Thursday, February 01, 2007

KQDS/Duluth drops liberal talk

Listeners in the Twin Ports got a rude awakening this morning when they turned on the radio expecting to hear Sam Seder, but instead heard golden oldies.

In a surprise move, KQDS in Duluth-Superior, which had been airing Ed Schultz and programs from Air America Radio for the past year and a half, has dropped liberal talk for oldies music. Kate, a local business owner and listener to the station, emailed LTR to say she immediately called the station to find out what was going on. She was told that the switch was a corporate decision made by the owners of the station, Red Rock Radio, a division of Fargo-based Red River Broadcasting.

For programming, the station has picked up ABC's "True Oldies Channel" off the satellite. There was one rumor claiming that oldies was only temporary, and that a FOX 'News'-style conservative talk format would be the permanent format, but nothing else out there would give credibility to this rumor.

The station flipped from a satellite feed of CNN Headline News to liberal talk in September, 2005. Since then, ratings have slowly climbed, and the station more than doubled its listenership during the past six months, according to the recent Arbitron survey released this week.

Red River Broadcasting also owns three FM stations in the market, in addition to KQDS-TV, the local FOX affiliate. The company is somewhat of an enigma, as they have little internet presence outside of their Duluth FM stations (which all have websites). In fact, their TV stations in Duluth and Fargo, both FOX affiliates, don't even have websites, though their NBC affiliate in Sioux Falls, SD does. Red Rock Radio itself only has a token web presence.

The only really true sign on the internet proving the existence of Red River/Red Rock is an attack site created by disgruntled former employees of the Duluth stations. There is also a Myspace page, set up by devoted listeners of "Air America Duluth," in lieu of an actual station website.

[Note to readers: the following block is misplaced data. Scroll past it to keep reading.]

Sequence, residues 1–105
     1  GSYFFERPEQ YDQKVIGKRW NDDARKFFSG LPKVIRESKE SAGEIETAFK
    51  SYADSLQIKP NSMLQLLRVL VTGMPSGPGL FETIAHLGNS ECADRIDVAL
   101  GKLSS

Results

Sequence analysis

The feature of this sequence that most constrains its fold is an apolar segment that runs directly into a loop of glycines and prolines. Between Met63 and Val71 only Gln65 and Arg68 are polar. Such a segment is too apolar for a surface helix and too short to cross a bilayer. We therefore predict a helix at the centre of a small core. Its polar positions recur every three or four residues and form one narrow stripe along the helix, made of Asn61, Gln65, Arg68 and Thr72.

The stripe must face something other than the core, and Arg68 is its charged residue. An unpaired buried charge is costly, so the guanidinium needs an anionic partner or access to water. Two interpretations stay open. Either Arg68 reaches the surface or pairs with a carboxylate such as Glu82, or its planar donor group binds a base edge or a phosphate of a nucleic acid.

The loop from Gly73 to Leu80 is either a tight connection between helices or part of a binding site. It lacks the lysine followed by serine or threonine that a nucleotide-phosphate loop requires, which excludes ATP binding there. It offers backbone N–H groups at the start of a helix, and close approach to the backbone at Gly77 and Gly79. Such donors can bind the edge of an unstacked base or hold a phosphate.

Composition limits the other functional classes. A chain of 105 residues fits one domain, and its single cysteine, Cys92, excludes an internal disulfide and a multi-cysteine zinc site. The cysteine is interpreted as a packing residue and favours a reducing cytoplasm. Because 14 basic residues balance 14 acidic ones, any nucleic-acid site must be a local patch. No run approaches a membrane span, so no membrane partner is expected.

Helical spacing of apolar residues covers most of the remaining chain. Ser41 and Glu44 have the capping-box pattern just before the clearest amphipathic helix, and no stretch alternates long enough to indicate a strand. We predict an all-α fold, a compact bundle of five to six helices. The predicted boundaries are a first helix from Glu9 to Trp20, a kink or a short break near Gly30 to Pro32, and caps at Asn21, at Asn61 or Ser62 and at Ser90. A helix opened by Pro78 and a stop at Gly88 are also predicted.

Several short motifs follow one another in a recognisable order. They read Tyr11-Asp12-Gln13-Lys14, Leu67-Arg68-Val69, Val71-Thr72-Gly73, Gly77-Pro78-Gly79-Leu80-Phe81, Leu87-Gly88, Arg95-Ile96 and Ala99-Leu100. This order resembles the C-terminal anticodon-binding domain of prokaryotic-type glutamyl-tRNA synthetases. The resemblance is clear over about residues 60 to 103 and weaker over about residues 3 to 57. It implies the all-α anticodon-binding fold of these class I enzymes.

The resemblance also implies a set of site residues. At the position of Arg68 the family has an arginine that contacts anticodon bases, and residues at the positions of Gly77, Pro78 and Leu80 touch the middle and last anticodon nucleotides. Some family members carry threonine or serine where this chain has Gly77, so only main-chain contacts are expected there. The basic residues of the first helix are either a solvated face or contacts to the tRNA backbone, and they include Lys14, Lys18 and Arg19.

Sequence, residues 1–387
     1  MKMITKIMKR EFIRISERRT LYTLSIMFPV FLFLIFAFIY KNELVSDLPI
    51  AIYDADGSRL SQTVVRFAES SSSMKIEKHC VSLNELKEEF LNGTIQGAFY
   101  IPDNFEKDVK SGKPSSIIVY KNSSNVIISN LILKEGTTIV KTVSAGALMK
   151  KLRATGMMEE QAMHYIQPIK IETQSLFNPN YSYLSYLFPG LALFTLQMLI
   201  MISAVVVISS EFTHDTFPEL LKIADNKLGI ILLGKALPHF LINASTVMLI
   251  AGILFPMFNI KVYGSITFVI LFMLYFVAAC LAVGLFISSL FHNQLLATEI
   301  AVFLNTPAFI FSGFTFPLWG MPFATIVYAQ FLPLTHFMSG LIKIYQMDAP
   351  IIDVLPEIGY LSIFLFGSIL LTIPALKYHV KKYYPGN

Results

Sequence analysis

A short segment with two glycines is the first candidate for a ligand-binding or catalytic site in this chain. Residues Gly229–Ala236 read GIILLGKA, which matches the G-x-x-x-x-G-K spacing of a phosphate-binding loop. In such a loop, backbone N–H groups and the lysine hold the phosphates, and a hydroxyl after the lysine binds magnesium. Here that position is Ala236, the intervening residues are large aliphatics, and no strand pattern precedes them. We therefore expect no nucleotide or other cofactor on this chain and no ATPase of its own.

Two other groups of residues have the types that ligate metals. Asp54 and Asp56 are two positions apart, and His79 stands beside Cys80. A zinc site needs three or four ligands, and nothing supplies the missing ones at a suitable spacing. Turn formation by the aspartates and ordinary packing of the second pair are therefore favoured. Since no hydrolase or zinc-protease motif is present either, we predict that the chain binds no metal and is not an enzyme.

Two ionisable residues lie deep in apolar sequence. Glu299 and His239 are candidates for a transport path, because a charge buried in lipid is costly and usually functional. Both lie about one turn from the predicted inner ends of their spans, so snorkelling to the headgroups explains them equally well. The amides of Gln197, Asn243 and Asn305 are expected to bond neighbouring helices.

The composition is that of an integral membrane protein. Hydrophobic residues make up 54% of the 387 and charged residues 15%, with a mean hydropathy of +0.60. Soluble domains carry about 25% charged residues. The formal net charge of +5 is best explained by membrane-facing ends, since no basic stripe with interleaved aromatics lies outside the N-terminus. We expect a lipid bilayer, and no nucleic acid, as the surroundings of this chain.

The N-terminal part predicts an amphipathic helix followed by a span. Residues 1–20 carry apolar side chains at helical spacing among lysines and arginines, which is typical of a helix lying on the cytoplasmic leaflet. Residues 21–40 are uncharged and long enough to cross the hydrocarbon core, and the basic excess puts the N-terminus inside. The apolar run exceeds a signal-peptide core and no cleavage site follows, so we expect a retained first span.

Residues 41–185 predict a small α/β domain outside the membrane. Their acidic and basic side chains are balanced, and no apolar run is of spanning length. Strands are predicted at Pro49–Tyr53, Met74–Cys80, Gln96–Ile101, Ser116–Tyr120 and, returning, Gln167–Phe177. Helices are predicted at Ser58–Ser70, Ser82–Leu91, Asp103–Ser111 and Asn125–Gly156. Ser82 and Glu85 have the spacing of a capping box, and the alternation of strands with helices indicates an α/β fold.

As for the reason for the switch, “We’ve had some calls claiming we did this for political reasons,” Red Rock general manager Shawn Skramstad said. “There was no political motive. This was strictly a business decision. We didn’t see the advertising dollars we need.”

Skramstad said Red Rock received “a fair number of calls” from listeners disappointed with the decision to pull the liberal talk programming.


Anonymous said...

This makes no sense, even setting aside the station's healthy increase in audience share.
If Oldies is not a stunt, Oldies is a really tough sell (given the demos it draws). Not to mention the market already has three FM Oldies stations (one of which is very dominant in the format).
If it is a stunt and they are going right-wing talk, there are two other RW talkers in town - one doing well and the other doing very well. And the top right-wing syndicated hosts are already taken; left-overs only available.
This sounds like somebody's political agenda is getting the better of their responsibilities to the company's shareholders.

ltr said...

It's pretty laughable. Red Rock's stations have been sliding for awhile. KQDS-AM was the only one to go up since the spring (this is a two-book-a-year market). And they more than doubled their ratings, which is the best this little 1000 watt station will ever do. It's been turning the format wheel for years. Let's face it, any station that runs CNN Headline News as an all-day format is basically dead. That's what they ran prior to liberal talk.

Northpine says that they're running ABC's "True Oldies Channel" satellite network (or "The Scott Shannon Channel", as some call it).

The folks over at Red and Nater are laughing about this. Then again, Red Rock/Red River has never been taken very seriously. These people are major penny-pinchers, and only recently started to actually put up websites for their stations (I do admit, the site for KQDS-FM looks pretty damn good). They don't even have sites for their FOX TV stations! That's unheard of in 2007!

Duluth is considered by many to be an awful radio market. Too many country stations. Too many rock stations. Too many oldies/classic hits stations. And way too much AC. And they're all as bland as can be. Sure, the stations report to the trades and Arbitron under distinct formats, but when it all comes down to it, they basically all sound the same. How bad? The alleged CHR station is more or less Hot AC (stations are too scared to go pure CHR). Of course, they call themselves "The Beat". Guess who owns them? Yep, Red Rock.

Many of the stations that show up in the book are severe rimshots. And, since the terrain of Duluth resembles a very frigid San Francisco, reception gets a bit crazy.

As for AM stations, KDAL is mostly local (allegedly). Sister station WDSM is conservotalk. WEBC relays KFAN out of the Twin Cities - all Minnesota sports (and a pretty good station too). WGEE is also sports (ESPN). WKLK is the other AM station. They play standards.

Radio and Records has quite a few errors on their survey. But this happens with books from small markets.

The best stations in town are basically the ones owned by Clear Channel. At least they import their formats from the Twin Cities.

All in all, Duluth is radio hell.

Anonymous said...

Usually "radio hell" is only open to those who work in radio. Nice that they include listeners, as well.
I wonder what satellite radio sales figures are like?
If the owner is cheap, what's cheaper than running turnkey progressive talk?
Websites ARE skimpy but it looks like the top talker does a fair amount of local programming (more than in a lot of markets that size).

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